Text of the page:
News And Updates
After soaring stock price gains earlier this year, the Mosaic Company is taking a financial hit that has crimped its plans to increase phosphate production in Southwest Florida.
Booming demand for corn, partly driven by interest in corn-based ethanol as an alternative fuel, pushed Mosaic stock to a mid-June peak of $162.35. Investors anticipated increased demand for phosphate-based fertilizer to grow more crops.
But the company’s stock started dropping in July. At the close of trading on the New York Stock Exchange on Friday, Mosaic shares were at $36.49.
The decline is part of an overall retrenchment in commodities. Oil, corn and metals have also seen dramatic declines in response to the weak global economy, tight credit markets and overall reduced spending.
“Fertilizer got crushed during the market debacle,” said David Townsend, spokesman for Mosaic.
With thousands of acres of phosphate strip mines and several processing plants in the Gulf Coast region, Mosaic Company is the world’s largest producer of phosphate, a key component of fertilizer.
In response to a lower stock value and a dip in phosphate’s price, Mosaic plans to cut production by as much as 20 percent.
The company planned to produce up to 10 million tons of refined phosphate this fiscal year.
Now it plans to produce 8 million to 9 million tons, Townsend said.
“For a while there, the demand was so flat-out and extraordinary that we were running accordingly,” Townsend said.
The cutback will slow mining and put off plans to reactivate two production lines that would have increased the company’s ability to refine more phosphate, Townsend said.
He said it will not trigger layoffs or affect the company’s momentum in pursuing permits to mine more land in Manatee and Hardee counties.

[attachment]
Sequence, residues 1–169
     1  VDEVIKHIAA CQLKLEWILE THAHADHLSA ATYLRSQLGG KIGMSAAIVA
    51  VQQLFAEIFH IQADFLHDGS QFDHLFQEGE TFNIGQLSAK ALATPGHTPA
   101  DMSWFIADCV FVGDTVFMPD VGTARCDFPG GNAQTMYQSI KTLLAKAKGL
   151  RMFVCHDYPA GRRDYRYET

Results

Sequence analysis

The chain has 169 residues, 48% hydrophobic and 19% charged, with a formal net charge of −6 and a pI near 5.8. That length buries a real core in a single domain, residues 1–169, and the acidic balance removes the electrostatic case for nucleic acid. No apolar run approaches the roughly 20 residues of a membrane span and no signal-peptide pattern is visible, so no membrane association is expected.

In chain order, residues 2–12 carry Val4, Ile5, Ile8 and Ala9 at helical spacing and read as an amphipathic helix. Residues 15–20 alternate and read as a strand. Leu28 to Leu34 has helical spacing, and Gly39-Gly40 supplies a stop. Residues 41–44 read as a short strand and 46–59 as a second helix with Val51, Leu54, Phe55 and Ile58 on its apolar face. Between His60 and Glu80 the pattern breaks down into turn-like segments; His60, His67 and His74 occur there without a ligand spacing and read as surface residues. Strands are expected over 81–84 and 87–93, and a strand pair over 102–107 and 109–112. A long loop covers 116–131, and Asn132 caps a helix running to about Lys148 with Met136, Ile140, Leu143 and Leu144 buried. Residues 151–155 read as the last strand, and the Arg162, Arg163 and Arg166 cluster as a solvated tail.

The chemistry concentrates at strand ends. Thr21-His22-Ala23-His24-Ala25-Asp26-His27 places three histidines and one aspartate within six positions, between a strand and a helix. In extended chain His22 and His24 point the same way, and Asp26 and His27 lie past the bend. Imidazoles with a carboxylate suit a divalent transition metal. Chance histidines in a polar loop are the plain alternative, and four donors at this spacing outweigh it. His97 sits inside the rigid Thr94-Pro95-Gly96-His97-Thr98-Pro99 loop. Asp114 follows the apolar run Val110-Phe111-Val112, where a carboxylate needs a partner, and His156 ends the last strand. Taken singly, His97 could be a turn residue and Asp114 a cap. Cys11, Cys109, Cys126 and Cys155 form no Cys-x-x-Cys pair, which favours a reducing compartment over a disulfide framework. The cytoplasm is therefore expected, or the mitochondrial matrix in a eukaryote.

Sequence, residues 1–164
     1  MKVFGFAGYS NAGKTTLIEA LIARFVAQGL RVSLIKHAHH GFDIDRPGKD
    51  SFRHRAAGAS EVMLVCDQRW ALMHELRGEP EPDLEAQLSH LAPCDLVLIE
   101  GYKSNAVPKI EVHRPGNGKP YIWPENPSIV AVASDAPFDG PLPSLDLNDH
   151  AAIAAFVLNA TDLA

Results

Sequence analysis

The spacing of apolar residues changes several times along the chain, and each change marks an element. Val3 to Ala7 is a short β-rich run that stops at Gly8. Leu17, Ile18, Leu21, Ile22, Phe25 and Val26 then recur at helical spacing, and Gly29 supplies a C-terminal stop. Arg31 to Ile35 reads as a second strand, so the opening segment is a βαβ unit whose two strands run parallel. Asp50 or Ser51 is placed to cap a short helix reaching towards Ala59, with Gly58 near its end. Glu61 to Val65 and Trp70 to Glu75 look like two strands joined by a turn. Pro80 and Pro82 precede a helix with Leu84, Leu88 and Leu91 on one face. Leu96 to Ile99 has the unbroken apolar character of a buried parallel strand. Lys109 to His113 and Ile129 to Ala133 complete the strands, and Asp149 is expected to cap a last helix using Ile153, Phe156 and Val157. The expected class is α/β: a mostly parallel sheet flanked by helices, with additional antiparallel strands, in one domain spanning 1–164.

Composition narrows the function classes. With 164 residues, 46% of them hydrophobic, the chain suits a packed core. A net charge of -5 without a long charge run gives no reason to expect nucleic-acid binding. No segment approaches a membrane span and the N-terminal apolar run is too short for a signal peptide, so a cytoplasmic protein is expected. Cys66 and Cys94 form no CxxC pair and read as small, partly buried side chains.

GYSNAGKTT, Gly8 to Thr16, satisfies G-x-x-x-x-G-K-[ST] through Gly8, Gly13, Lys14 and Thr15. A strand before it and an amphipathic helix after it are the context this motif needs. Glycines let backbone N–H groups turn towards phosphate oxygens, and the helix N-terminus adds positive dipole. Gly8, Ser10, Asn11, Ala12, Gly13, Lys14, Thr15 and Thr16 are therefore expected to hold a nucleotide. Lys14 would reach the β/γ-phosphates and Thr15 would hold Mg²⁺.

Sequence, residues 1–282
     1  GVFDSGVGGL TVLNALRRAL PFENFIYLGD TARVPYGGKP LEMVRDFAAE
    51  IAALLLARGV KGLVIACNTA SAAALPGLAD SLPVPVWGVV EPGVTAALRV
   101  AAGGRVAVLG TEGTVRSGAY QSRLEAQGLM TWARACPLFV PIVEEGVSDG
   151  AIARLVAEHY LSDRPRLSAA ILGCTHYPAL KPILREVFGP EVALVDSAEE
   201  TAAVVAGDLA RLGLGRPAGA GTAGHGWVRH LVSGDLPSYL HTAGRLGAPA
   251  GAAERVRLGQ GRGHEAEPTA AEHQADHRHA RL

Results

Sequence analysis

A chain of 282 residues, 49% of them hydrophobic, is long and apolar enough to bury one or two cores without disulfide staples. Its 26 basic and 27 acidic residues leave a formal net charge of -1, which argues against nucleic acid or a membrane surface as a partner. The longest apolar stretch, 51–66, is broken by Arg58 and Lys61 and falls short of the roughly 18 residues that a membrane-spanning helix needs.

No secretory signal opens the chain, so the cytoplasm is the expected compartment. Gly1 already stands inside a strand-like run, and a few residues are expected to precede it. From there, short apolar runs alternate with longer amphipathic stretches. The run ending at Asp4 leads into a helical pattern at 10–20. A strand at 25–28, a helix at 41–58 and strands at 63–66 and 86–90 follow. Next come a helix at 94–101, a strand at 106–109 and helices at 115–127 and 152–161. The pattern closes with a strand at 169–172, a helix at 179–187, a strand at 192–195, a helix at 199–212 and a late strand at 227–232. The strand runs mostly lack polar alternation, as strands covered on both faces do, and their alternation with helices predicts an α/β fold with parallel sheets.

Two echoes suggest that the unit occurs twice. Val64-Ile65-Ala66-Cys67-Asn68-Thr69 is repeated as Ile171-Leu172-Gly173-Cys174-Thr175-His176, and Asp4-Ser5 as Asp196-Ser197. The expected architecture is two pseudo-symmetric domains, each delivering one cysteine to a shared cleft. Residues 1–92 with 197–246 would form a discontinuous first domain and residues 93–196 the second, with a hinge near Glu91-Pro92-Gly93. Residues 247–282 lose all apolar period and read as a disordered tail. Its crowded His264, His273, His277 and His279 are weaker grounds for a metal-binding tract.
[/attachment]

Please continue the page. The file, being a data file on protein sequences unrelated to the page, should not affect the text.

Mosaic’s push for more mining over the past several years has sparked a legal fight with environmentalists and local governments, who contend that strip mining threatens the drinking water supply and natural resources, including the Peace River and Charlotte Harbor.
“The permits we’re seeking are for longer-term source of supply,” Townsend said.
Fertilizer buying over the summer eventually led to a global oversupply, which weakened prices.
Now buyers are reluctant, as prices continue to fall, Townsend said.
An analysis by the investment firm Goldman Sachs in October suggests prices could drop further, in response to tightening credit and a global decline in the use of fertilizer.
Farmers responded to high fertilizer prices by cutting back on usage, much like U.S. drivers cut back on fuel consumption when prices ballooned.
Tighter credit is forcing farmers to spend less, the Goldman Sachs analysis stated.
The price of phosphate, however, is still much higher than it was a year ago.
Between August and October, the average selling price for a metric ton of processed phosphate — called diammonium phosphate — was $1,013. During the same period last year it was $407.
The current price ranges from $825 to $850 a ton, according to ICIS Pricing, a chemical industry trade publication.
Net sales of phosphate were also 119 percent higher during the first three months of Mosaic’s fiscal year, compared to last year.
Townsend said he expects the declining demand to be temporary.
“The growth in food demand and higher quality foods all are still in place and will continue to produce high demand in the future,” Townsend said.